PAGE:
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[p. 12]

A communication.

To the Editor of the Medford Historical Register:
Sir:—I have noted from time to time many inaccuracies in the Register from the commencement of its publication to the present time, and am forcibly reminded of the sayings of Mr. John Fiske, historian, that ‘The step from unconscious historical inaccuracy to conscious historical falsehood is not a long one.’ ‘The errors of our local historians have taken such a firm hold on the local thought and literature that no amount of evidence to the contrary will scarcely displace.’

I do not propose to review the first twenty volumes of the Register at the present time, but I wish to call your attention to some inaccuracies in the second and third numbers of the Register for the current year, which, in the interest of historical accuracy, should be corrected. In an article entitled ‘Medford on the Map,’ in Vol. XXI, No. 2, p. 32, reference is made to Walling's map of Medford, which was accompanied by eleven other maps or sections bound together in an atlas. The writer of the article failed to discover such atlas or any one that has memory of it. A foot-note says, ‘As both history (Brooks' history) and map were published at nearly the same time and by separate interest, it is probable that the reference to eleven sections was made from some prospectus rather than actual issue.’

These maps or sections cannot be classed among ‘Medford Myths’; they actually existed as a supplement to the map. The lots on each section were numbered, and a reference book or index accompanied the atlas in which was recorded the number of each lot and its area in acres or square feet. During my service as an assessor I had occasion to consult the atlas times without number. The last time I saw the atlas was about ten years ago, in the city engineer's office, where I made copies of several lots to assist my study of Medford history. [p. 13]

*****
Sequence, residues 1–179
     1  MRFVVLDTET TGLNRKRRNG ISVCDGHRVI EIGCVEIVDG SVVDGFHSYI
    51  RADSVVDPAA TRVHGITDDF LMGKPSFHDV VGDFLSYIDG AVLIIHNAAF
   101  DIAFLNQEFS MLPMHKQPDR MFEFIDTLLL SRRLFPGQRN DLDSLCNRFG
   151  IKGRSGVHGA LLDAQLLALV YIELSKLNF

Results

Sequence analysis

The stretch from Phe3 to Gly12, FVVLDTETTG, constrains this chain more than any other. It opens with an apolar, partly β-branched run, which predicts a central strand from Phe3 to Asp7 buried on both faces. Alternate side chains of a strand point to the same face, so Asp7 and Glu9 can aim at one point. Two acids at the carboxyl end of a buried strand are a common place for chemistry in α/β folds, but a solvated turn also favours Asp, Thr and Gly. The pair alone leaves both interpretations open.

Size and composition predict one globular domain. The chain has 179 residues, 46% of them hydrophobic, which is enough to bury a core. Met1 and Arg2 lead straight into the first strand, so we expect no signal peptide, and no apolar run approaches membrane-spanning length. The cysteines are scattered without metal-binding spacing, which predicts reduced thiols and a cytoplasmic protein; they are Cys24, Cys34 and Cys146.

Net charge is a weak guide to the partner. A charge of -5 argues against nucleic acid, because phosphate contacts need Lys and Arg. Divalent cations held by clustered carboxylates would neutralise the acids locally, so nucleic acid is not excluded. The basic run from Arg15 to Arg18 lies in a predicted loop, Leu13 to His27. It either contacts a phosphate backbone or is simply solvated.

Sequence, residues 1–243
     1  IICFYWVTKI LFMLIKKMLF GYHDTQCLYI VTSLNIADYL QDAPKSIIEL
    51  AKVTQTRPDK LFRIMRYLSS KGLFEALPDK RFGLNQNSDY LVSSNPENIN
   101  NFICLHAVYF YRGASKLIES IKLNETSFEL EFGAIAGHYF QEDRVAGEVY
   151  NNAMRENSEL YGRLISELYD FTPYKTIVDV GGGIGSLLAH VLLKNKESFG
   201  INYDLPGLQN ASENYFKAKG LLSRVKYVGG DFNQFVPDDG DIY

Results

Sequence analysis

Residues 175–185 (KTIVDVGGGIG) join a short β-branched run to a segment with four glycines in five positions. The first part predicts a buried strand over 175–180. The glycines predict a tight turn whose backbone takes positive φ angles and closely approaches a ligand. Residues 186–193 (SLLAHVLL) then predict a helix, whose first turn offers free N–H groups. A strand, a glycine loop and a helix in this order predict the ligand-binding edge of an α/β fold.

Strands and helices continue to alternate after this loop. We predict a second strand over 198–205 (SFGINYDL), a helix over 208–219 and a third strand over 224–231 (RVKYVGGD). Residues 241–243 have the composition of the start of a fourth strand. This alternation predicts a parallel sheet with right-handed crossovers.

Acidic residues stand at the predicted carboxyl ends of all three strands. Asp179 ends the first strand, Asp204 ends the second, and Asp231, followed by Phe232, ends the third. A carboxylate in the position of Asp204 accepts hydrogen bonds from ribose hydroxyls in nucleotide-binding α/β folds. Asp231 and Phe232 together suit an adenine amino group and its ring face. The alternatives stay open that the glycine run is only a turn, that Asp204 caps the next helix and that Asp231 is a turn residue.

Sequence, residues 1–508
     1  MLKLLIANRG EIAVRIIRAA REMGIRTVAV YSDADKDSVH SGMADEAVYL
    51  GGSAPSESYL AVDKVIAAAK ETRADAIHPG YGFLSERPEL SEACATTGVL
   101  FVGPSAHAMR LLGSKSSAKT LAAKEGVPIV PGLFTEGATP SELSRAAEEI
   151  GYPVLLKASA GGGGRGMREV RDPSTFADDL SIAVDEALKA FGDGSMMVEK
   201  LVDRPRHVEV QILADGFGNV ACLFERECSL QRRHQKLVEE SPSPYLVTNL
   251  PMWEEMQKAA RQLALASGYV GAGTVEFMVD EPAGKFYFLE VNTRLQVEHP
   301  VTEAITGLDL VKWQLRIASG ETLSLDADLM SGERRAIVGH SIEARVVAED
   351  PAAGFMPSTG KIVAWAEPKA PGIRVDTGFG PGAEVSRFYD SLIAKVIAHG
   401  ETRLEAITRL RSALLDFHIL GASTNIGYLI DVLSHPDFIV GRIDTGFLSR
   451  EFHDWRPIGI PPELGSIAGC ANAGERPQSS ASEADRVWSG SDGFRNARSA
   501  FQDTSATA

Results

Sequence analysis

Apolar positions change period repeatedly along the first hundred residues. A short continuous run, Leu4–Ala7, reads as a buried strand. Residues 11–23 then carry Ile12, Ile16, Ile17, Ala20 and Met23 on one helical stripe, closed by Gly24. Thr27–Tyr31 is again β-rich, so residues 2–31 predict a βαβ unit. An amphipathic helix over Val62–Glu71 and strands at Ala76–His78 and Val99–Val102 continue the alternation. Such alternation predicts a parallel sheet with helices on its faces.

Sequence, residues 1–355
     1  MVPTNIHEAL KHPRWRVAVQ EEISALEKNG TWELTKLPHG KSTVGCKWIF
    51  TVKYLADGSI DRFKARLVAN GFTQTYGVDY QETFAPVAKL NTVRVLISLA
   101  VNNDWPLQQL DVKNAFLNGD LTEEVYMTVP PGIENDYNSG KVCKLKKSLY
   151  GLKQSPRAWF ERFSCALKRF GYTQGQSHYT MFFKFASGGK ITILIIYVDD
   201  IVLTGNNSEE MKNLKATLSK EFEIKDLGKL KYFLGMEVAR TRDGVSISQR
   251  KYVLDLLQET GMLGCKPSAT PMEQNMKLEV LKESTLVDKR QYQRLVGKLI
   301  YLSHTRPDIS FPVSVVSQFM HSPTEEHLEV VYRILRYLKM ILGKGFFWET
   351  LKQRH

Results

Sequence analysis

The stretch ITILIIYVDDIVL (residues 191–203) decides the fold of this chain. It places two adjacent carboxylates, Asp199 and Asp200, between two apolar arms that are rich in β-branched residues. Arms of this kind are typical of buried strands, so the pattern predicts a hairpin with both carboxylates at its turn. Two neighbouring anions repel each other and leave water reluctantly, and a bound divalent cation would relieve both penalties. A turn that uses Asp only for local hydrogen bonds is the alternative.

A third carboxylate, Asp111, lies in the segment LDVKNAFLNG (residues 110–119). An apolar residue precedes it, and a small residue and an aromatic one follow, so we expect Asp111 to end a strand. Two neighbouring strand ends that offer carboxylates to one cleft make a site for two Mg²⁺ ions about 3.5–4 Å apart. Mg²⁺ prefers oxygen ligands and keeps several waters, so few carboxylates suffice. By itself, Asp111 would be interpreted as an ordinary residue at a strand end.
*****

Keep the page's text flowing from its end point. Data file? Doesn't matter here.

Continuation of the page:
In Vol. XXI, No. 3, p. 64, the writer of the article has ‘grave doubts of the structure—being as smoothly angular and straightly railed as this seems to be.’ (See illustration opposite page 56 of that number.) The original sketch of this bridge is now before me. It is three feet six inches in length and one foot six inches in width, and does not look as ‘smoothly angular’ as in the reduced copy. This sketch was made in part from a description of a bridge found in the county records and in part from the remains of an ancient bridge that was removed on the north side of the river when the present stone bridge was built. The Unitarian church steeple is represented on the sketch by a cedar tree. The buildings on the sketch are located by a mistake of the artist where the Jonathan Wade house stands, instead of nearer the market-place or square, and the crest of Pasture hill is plainly elevated above the roofs of the buildings. As to the luxurious growth of trees as shown in the illustration, who shall say that they did not exist? That trees will grow near the ‘salt Mystic’ was shown by the trees that stood on an island in the marshland below Laborinvain point. This island was elevated but a few feet above marsh level, and was surrounded by water every high course of the tides. The trees have long since disappeared. Near the island, on the east side, is a salt-water creek called Lydia's hole, from a colored woman named Lydia who was said to have been drowned there. The illustration, like all other ideal pictures, is open to criticism.

In Vol. XXI, No. 3, p. 67, the writer of the article says, ‘Yes, this is the “ Bower” . . . the site of the ancient mill.’ When I attended the West grammar school in the old brick schoolhouse that stood at the rear of the Unitarian church lot, the weekly holiday was Saturday afternoon. Saturday forenoon was a sort of a goas-you-please day. We had no regular lessons, and often in the early summer the scholars were lined up in front of the horse sheds and, headed by the master, were marched [p. 14] up what is now Powder House road (then called Bishop's lane), over the crest of the hill to a little knoll a short distance away, on which was a growth of trees standing in such positions as to form a bower. We spent the forenoon in picking wild flowers and in rambling about the woods in the immediate vicinity. This was the ‘Bower’ mentioned by Mr. Brooks and the ‘Bower’ of my boyhood. Every boy and girl of that generation knew its location. Mr. Brooks published his history some years after I used to visit the place. It was nowhere near the site of the old mill-dam or near any other dam site.

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